First published: Winter 2022/23


With her embroideries, graph-paper drawings and paintings, Valerie Potter has forged a life of creativity against the odds


“I sent him photos of my drawings because I thought he might like to see them. I didn’t have any idea of being an artist; I was more looking for someone to connect with,” says Valerie Potter. She is talking about esteemed outsider art historian Roger Cardinal, who was so impressed by what she sent that he introduced her to a collector and a gallerist, and organised her first exhibition.


Untitled, c. 2000, cross stitch on hardanger fabric, 10 x 7.5 in. / 25 x19 cm
all images courtesy Jennifer Lauren Gallery, unless otherwise stated


The solo show – which was presented in 1985 at the University of Kent in the south of England – marked the start of an artistic career that has seen Potter’s drawings, paintings and embroideries exhibited at numerous UK institutions, including Dublin’s Irish Museum of Modern Art, London’s Tate Britain and, most recently, in 2022, Carl Freedman Gallery in her hometown of Margate, Kent. Her work is also held in several permanent collections worldwide and around the UK, including the Whitworth Gallery in Manchester, Bethlem Museum of the Mind in Kent, and The Museum of Everything in London.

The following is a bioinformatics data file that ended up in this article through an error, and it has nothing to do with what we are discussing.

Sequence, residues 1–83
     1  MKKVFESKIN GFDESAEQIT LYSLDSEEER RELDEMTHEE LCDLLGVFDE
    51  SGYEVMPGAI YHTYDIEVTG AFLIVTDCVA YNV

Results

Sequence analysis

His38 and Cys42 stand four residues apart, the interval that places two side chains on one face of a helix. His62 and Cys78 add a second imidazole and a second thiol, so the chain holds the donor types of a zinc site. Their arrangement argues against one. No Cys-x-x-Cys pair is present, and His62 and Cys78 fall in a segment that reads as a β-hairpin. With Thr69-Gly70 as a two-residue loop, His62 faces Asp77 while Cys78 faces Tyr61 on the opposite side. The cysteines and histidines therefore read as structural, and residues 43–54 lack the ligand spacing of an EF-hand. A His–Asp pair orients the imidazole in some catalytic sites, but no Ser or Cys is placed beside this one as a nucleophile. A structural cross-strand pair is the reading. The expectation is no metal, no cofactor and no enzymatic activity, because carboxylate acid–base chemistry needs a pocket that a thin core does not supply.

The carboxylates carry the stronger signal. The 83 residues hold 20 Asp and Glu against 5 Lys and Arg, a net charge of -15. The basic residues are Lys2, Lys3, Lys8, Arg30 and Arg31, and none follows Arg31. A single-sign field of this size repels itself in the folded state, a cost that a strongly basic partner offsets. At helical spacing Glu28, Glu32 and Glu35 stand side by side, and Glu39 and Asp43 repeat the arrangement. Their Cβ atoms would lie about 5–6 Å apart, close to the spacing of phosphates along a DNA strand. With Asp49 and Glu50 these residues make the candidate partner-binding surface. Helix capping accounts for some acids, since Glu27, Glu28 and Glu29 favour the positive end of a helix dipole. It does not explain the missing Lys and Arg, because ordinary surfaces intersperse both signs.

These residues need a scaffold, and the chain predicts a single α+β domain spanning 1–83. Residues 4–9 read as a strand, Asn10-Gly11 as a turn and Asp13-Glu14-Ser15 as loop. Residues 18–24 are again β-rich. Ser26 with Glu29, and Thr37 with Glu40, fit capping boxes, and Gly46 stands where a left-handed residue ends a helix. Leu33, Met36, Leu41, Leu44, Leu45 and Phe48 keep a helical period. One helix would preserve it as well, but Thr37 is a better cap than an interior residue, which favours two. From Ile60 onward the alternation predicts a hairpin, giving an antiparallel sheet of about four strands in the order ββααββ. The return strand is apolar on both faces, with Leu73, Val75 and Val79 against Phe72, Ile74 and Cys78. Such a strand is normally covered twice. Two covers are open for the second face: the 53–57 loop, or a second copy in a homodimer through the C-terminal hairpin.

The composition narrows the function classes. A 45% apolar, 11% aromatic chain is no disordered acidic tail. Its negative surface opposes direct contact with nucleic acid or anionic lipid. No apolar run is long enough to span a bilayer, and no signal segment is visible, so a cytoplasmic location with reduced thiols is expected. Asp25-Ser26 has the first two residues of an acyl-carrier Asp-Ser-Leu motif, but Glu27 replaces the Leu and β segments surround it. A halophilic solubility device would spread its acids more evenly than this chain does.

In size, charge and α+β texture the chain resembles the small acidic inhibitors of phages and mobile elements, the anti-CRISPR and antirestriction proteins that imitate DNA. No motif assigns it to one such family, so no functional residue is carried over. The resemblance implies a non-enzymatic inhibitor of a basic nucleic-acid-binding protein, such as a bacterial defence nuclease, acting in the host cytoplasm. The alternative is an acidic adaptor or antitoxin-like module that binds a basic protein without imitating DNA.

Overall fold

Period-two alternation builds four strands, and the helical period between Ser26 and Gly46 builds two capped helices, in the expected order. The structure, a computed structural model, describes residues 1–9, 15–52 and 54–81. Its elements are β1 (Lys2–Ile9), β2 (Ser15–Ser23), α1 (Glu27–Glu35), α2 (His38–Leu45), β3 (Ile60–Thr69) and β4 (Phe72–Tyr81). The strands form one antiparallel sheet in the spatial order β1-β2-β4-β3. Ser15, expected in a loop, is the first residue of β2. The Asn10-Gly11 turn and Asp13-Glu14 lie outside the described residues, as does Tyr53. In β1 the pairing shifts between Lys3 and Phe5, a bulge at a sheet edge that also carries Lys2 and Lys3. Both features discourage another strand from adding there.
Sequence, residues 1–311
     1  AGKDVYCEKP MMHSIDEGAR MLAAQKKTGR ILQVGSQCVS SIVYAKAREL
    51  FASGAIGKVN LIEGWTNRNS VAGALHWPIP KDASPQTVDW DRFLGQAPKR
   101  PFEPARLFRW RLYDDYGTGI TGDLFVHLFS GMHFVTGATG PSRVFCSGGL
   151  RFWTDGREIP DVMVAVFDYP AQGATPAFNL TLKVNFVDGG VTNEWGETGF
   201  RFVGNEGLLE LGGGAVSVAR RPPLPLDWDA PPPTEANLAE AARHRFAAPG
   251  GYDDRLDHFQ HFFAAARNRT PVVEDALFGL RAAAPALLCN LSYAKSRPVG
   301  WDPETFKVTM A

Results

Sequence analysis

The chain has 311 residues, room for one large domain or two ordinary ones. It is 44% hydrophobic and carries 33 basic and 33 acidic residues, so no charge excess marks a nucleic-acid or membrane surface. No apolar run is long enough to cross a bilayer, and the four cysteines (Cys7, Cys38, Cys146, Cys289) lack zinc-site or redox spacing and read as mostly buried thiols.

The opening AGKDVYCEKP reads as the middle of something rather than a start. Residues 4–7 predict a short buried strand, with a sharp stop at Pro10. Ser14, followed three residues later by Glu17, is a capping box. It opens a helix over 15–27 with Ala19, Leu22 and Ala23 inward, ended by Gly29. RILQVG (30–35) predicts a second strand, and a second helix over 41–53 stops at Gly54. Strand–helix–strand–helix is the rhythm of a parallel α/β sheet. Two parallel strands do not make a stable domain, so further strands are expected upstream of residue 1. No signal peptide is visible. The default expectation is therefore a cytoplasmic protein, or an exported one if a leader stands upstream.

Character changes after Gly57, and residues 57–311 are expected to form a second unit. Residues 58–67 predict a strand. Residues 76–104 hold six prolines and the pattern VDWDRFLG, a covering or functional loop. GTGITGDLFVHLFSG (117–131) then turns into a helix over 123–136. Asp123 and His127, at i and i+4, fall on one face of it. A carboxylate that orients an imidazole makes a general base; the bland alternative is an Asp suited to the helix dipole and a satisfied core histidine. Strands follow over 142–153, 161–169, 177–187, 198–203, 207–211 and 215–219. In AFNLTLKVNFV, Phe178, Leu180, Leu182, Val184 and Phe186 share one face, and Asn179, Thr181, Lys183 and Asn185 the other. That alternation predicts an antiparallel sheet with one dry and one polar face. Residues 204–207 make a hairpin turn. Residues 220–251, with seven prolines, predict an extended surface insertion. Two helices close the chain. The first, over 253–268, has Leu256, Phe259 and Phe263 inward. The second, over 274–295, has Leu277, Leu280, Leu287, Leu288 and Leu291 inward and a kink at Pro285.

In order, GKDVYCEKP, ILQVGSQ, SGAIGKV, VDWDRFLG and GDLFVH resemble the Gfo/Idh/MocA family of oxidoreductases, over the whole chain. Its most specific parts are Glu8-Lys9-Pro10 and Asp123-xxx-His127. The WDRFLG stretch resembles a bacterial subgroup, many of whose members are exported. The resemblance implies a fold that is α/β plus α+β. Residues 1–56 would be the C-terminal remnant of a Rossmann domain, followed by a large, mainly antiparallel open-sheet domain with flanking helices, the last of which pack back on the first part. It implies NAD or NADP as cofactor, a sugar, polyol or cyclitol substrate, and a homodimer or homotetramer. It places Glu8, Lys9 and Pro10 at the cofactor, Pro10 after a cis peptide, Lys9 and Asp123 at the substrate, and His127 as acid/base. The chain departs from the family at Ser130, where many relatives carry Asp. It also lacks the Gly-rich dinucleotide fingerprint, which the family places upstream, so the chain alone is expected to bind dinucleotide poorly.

Hail, Hail to Those Who Try and Fail, 1996, black ink and graphite pencil on paper, 16.5 x 11.5 in. / 42 x 29.5 cm, Judith McNichol


Born in 1954 in Kent, Potter spent the first seven years years abroad. of her life in Nigeria, where her father was the principal of a technical institute and her mother taught domestic science. After a brief return to the UK, Potter then lived in Jamaica until the age of 13. The fruit and vegetation and bright colours of the Caribbean island and of Nigeria are enduring memories for her. Orange, red and yellow are among Potter’s favourite colours.


Untitled, 1986, gouache and ink pen on paper, 16 x 11.5 in. / 41 x 29 cm


She was about nine when she began taking inspiration from her father’s copy of The Sunday Times, scouring the pages for political caricatures and cartoons, and then re-creating them. Images of then-Prime Minister Harold Wilson particularly appealed. This creative impulse arose in a home where there was no interest in art. Potter was close to her mother who – although lukewarm about her daughter’s art at first – became a great support over the years. This was in contrast to other relatives, especially Potter’s father who wanted her to study maths and science and be a successful career woman. Potter says her art has never been dependent on interest from others.


The Face of Reason, 2018, embroidery on calico, 12 x 16.5 in. / 30 x 42 cm


When her passion shifted from drawing to writing, Potter created what she characterises as “long poems full of psychotic imagery”, some of which were published in magazines. She most enjoyed the crystalline aspect of poetry, meaning that every word – and all its ramifications – has to be thought through carefully. When writing began to feel like hard work, she returned to art which she found more relaxing, but a love of language continues to find its expression in her black-and-white embroideries or “thread drawings” as she calls them.





This is an article extract; read the full article in Raw Vision #113

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